Around 500 people tried to make themselves heard at a public consultation on the closure of Lewisham A&E in south London on Tuesday of last week.
The crowd came to question Matthew Kershaw, administrator of the South London Healthcare Trust and architect of plans to slash Lewisham’s healthcare services. The venue was far too small. Yet the crowd’s chants of “Kershaw out” could be heard inside.
Many people in the audience felt they were not being listened to at all. One woman shouted, “It’s not a consultation—it’s something for yourselves.”
The administrator and his team had to be escorted by police through the crowd and into their cars.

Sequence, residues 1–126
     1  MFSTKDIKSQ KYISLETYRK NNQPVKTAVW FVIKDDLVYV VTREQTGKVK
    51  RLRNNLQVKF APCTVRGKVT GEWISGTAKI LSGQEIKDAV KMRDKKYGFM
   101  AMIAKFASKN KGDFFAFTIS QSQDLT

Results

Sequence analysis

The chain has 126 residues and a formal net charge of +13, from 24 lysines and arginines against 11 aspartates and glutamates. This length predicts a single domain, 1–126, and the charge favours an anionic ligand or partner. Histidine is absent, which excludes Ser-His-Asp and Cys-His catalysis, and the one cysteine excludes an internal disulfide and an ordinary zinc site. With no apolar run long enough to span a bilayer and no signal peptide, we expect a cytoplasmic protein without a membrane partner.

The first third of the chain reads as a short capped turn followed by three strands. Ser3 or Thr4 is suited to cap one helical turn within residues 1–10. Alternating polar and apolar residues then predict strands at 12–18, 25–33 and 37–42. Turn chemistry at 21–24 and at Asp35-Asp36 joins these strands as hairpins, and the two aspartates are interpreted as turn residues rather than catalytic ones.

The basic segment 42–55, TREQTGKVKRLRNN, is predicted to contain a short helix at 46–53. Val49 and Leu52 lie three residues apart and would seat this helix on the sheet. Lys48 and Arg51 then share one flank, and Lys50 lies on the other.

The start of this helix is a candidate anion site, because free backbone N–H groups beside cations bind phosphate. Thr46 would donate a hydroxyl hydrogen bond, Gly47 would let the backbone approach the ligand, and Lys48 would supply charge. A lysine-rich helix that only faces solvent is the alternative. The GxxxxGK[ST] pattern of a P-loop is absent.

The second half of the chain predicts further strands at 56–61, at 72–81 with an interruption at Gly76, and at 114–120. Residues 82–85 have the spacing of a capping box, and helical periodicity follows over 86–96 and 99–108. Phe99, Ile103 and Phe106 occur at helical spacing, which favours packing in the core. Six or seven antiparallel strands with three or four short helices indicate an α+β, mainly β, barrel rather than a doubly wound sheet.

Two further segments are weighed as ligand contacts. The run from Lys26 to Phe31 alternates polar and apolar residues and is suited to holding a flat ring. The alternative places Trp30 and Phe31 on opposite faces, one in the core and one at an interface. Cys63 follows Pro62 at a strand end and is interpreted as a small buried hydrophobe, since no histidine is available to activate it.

Around 400 people marched in Manchester last Saturday against health service cuts and job losses. Ian Hodson, president of bakers’ union Bfawu, said, “It’s our health service and we’re not giving it up.”
Save Manchester Passenger Transport campaign lobbied parliament on Monday of this week against the transfer of the NHS service to Arriva Transport’s Ambuline. Driver Dave Ward said, “This has the potential to cost lives.”
Talks to end a dispute at Mid Yorkshire hospital NHS Trust were interrupted after bosses tried to victimise a striker last week. Bosses called the striker to attend an investigation.
The strike committee has said it will not return to talks until management stop this attempt at victimisation.
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